Social Media for Municipalities


Published on

Social media strategy, tactics and policy recommendations for local governments

Published in: Technology
1 Like
  • Be the first to comment

No Downloads
Total views
On SlideShare
From Embeds
Number of Embeds
Embeds 0
No embeds

No notes for slide

Social Media for Municipalities

  1. 1. Social Media: Strategies & Tactics for Municipalities Heather Whaling [email_address]
  2. 2. vending machine metaphor courtesy of Tim O’Reilly Photo credit: WordRidden
  3. 3. Communication Evolution Photo credit: gothopotam Photo credit: laffy4k
  4. 4. <ul><li>“ About 30 citizens became &quot;fans&quot; of Mitchellville, allowing them to see news from the town. Then trouble started. One grumbling resident used the page to post complaints. [The admin] had a hard time keeping up with who was joining the conversation and moderating the comments. The page became a free-for-all, and more irritation than [he] thought it was worth. He deleted it altogether.” </li></ul><ul><li>-- Governing, January 2010 </li></ul>
  5. 5. Dialogue Requires 2-Way Photo credit: Roland One-way communication isn’t as effective as two-way communication
  6. 6. Source: Forrester Research
  7. 7. Government Goes Social <ul><li>50% of cities have no “official” Facebook presence </li></ul><ul><ul><li>1 in 7 had at least 1 department with a page </li></ul></ul><ul><ul><li>Only 13 cities had 500+ fans </li></ul></ul><ul><li>66% of cities have a Twitter presence </li></ul>Source: Fels Institute of Government
  8. 8. <ul><li>more positive impression of the company/brand </li></ul>Online Interactions Shift Attitudes 74% 72% stronger connection to a company/brand Source: eMarketer
  9. 9. What are we talking about? <ul><li>Social media isn’t: </li></ul><ul><li>Traditional marketing “digitized” </li></ul><ul><li>Broadcasting </li></ul><ul><li>A quick fix </li></ul><ul><li>Free </li></ul><ul><li>Stand alone </li></ul><ul><li>Tools </li></ul><ul><li>Social media is: </li></ul><ul><li>Insightful </li></ul><ul><li>Collaborative </li></ul><ul><li>Strategic </li></ul><ul><li>Valuable … when done correctly </li></ul><ul><li>Relationships </li></ul><ul><li>Service-oriented </li></ul>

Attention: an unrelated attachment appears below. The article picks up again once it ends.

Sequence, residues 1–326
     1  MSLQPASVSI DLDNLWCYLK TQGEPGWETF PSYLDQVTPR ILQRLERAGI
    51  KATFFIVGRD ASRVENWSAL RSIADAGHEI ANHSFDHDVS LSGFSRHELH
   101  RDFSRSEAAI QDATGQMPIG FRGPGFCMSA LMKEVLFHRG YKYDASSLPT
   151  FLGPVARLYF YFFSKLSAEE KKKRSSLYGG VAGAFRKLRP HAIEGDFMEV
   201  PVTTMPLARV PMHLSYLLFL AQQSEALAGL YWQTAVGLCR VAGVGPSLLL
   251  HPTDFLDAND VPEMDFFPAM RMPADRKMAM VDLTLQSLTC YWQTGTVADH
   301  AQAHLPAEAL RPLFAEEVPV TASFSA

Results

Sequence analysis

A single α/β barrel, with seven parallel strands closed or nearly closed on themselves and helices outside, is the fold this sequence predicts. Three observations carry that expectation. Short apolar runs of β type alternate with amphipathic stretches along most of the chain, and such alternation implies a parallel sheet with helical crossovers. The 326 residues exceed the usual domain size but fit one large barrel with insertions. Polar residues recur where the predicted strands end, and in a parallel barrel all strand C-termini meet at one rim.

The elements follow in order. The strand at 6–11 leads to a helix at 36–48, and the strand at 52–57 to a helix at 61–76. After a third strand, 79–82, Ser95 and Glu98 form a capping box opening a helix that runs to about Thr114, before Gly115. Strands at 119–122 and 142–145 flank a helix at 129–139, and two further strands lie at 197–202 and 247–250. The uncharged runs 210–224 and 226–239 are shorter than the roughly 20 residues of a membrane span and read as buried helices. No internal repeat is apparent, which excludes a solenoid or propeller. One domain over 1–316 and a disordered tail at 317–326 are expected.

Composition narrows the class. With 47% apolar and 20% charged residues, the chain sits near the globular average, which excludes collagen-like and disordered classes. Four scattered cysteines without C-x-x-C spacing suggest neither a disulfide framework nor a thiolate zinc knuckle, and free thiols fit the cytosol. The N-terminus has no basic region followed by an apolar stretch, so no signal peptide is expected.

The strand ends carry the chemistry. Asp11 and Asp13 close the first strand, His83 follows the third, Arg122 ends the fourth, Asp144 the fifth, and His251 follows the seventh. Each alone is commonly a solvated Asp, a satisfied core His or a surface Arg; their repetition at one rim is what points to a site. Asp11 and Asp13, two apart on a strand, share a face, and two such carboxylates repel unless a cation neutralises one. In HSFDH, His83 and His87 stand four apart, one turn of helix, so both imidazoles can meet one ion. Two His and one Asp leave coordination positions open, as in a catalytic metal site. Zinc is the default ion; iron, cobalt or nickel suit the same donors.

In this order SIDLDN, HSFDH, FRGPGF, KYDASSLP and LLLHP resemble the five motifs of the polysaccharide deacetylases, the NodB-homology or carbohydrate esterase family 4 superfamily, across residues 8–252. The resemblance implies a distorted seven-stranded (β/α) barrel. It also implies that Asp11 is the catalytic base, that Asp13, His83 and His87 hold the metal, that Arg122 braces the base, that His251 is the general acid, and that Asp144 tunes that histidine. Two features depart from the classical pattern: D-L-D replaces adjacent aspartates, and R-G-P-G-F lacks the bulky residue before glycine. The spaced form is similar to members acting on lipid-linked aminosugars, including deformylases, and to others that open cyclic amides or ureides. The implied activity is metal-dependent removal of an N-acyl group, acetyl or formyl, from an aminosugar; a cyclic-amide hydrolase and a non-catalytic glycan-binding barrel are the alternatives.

10. 10. What’s That Mean? <ul><li>Interactive vs. Authoritative </li></ul><ul><li>Personal vs. Institutional </li></ul><ul><li>“ Narrowcast” vs. Broadcast </li></ul>
  11. 11. Defining Opportunities <ul><li>What motivates public involvement NOW? </li></ul><ul><li>How can online communication support and build on that? </li></ul><ul><li>Other opportunities to increase efficiency & collaboration? </li></ul>
  12. 12. Photo credit: nakrnsm
  13. 13. Should we incorporate social media?
  14. 15.
  15. 17. Newark Mayor Cory Booker, @corybooker
  16. 18. Richmond Police Facebook, @RichmondPolice
  17. 19. Before Jumping In … <ul><li>What happens if someone says something negative? </li></ul><ul><li>What about sunshine laws and access to information? </li></ul><ul><li>Do we need a social media policy? </li></ul>
  18. 20. Social Media Policies <ul><li>Always be transparent: </li></ul><ul><ul><li>Identify yourself and who you work for. </li></ul></ul><ul><ul><li>Don’t “plant” comments. </li></ul></ul><ul><ul><li>Be careful with “ghostwriting.” </li></ul></ul><ul><li>Understand what’s private and what’s public. </li></ul><ul><li>Be yourself … not a “mouthpiece.” </li></ul><ul><ul><li>People may assume you’re speaking on behalf of the government, even when you’re speaking as an individual. </li></ul></ul><ul><li>Stick to your area of expertise. </li></ul>